Figure 1. Encapsulated Protein Network: The Basic Mechanism of Action of ABS
This protein network provides focal points for erythrocyte aggregation and covers the entire physiological
hemostatic process. RBC elements (e.g., spectrin and ankrin surface receptors, and internal ferrochelatase
enzyme), related transcription factors (e.g., GATA-1), and RBC-related proteins (e.g., urotensin II) are the main
targets of ABS.
Figure 2. ABS-induced Erythrocyte Aggregation (<
1 sec): Red Blood Cells under the Light Microscope
(a) Before and (b) Immediately after Ankaferd
Application
Figure 3. ABS-induced Protein Network Formation (< 1 sec): Plasma under the Light
Microscope (a) Before and (b) Immediately after Ankaferd Application
amr
Volume 15, Number 4 Alternative Medicine Review 332
Copyright 2010 Alternative Medicine Review, LLC. All Rights Reserved. No Reprint Without Written Permission.
Review Article
eectiveness as a topical agent either alone or in
the presence of warfarin. In a similar study, ABS
was able to decrease the duration and amount of
bleeding in rats pretreated with acetylsalicylic acid
or low-molecular weight heparin. Duration of
bleeding following tail-cut was shortened by 22.97
min (95% CI: 17.29-28.64) in the acetylsalicylic
group and 19.43 min (95% CI: 12.35-26.51) in the
low-molecular weight heparin group. Duration of
bleeding was also shortened in control animals by
23.81 min (95% CI: 15.52-32.09). ABS also
signicantly decreased the amount of bleeding, as
measured by means of blotting paper in
untreated-, acetylsalicylic-, and low-molecular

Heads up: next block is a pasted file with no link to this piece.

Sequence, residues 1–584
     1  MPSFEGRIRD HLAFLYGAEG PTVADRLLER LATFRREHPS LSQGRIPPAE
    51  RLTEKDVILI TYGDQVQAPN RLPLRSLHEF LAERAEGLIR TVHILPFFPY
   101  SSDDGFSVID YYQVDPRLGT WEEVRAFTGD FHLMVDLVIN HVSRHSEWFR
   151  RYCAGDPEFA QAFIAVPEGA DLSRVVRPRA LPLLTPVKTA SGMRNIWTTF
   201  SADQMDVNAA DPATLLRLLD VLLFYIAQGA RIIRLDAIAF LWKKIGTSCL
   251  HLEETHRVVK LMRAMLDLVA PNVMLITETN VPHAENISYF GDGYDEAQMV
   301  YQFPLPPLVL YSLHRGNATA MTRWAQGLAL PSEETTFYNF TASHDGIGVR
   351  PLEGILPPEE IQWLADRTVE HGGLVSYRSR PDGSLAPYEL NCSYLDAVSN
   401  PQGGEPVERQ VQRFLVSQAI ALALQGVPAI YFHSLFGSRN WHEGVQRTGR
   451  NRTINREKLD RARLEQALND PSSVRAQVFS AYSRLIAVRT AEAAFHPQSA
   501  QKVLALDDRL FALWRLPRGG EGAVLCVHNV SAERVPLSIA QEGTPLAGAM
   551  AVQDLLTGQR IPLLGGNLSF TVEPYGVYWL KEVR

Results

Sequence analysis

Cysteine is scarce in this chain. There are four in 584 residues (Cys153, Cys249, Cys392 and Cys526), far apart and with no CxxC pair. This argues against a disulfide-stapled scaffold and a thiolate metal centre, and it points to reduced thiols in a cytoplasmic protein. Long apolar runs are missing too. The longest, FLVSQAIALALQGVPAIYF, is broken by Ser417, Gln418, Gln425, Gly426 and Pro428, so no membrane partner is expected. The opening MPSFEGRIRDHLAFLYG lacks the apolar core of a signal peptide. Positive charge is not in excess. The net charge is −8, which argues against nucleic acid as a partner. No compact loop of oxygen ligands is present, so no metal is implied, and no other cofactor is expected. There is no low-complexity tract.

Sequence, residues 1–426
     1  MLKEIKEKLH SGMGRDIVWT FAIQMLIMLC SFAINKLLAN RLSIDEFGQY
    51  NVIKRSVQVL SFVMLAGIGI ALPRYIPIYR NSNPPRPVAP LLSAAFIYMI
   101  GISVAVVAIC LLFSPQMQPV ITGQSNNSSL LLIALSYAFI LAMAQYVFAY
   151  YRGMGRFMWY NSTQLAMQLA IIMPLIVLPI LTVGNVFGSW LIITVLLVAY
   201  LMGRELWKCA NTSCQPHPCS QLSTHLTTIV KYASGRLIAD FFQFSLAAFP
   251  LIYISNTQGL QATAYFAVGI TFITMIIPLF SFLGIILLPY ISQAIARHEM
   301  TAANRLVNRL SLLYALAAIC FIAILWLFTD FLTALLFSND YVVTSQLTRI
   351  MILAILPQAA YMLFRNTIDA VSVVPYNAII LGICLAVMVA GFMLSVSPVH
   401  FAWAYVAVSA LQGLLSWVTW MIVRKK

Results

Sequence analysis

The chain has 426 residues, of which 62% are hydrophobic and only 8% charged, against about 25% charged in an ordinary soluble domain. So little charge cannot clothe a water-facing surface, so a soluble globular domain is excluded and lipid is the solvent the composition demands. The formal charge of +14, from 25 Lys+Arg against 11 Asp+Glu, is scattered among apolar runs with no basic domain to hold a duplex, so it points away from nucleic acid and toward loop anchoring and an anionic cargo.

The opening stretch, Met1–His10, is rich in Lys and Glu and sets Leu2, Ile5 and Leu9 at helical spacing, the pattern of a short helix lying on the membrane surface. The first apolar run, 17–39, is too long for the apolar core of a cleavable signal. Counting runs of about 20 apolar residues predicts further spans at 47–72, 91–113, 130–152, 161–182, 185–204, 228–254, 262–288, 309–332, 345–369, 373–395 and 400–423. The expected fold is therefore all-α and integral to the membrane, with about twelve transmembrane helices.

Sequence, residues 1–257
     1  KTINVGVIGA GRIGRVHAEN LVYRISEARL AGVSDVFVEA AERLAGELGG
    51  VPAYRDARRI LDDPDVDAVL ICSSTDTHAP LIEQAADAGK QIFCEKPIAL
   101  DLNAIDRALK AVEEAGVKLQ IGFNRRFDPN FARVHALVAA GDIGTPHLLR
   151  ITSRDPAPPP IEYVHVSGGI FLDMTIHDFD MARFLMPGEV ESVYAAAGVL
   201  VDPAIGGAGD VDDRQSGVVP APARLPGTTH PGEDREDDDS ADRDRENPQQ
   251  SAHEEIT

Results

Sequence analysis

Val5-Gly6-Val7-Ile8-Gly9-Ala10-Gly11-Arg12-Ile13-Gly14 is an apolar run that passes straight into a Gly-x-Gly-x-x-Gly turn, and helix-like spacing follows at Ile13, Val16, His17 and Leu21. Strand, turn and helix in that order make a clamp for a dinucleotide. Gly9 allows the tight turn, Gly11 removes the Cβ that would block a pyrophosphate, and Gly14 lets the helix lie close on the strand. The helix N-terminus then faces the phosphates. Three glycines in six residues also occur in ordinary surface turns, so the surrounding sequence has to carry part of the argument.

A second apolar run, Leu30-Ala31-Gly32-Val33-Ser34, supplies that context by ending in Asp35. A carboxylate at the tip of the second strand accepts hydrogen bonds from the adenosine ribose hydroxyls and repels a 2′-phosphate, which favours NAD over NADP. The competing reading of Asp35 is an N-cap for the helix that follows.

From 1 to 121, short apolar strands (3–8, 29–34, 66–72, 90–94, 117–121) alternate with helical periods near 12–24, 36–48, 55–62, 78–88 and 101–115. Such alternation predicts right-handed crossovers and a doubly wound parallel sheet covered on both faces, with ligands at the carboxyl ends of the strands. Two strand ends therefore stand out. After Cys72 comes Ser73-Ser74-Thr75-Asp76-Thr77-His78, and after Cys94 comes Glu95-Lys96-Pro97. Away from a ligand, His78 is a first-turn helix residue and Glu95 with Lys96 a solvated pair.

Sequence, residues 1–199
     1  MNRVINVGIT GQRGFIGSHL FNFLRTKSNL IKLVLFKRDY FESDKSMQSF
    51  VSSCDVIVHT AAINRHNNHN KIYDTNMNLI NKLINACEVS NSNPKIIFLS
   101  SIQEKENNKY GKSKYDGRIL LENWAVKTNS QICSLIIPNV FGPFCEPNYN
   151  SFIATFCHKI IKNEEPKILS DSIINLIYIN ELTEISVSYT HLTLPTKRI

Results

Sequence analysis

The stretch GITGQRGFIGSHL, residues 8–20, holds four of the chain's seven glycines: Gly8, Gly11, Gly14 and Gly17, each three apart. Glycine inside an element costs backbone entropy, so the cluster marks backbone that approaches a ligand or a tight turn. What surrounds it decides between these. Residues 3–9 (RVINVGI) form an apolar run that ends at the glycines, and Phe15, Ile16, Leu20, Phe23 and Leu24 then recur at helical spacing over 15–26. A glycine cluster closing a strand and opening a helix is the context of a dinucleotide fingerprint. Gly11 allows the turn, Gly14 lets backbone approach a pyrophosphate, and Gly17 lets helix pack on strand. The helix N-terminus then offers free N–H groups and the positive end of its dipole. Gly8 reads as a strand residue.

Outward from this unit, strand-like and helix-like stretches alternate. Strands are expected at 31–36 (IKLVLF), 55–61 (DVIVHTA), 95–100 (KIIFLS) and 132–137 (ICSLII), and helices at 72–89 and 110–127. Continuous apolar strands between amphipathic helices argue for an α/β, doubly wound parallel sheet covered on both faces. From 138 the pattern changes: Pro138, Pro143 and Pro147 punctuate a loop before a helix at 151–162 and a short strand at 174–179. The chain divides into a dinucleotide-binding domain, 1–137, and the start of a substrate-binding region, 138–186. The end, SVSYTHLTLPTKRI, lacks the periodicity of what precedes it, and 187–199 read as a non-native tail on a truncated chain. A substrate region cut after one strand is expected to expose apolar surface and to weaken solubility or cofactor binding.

weight heparin groups.
21
Application of ABS in spray, solution, and
tampon forms to supercial and deep abdominal
lacerations has been shown to successfully control
bleeding in a swine model.
1
After application of an
ABS tampon with gentle pressure for 40 seconds
to a supercial skin laceration, rebleeding did not
occur during the ensuing 25 minutes. After
conrming continuous bleeding from a deep skin
laceration, application of 2-3 mL of an ABS
solution resulted in instant hemostasis.
Rebleeding was not observed in a second incision
treated with a tampon of ABS. After an upper
midline laparotomy incision was made through
the skin and underlying subcutaneous and muscle
tissue to expose the transverse fascia, ABS spray
was successful in controlling the bleeding from
that incision. ABS spray also managed to control
the bleeding due to liver injury (grade II lesion
according to the American Association for the
Surgery of Trauma [AAST]).
1
In a study demonstrating the hemostatic eects
of ABS in an experimental rat model, ABS, as
Surgicel, was eective in achieving hemostasis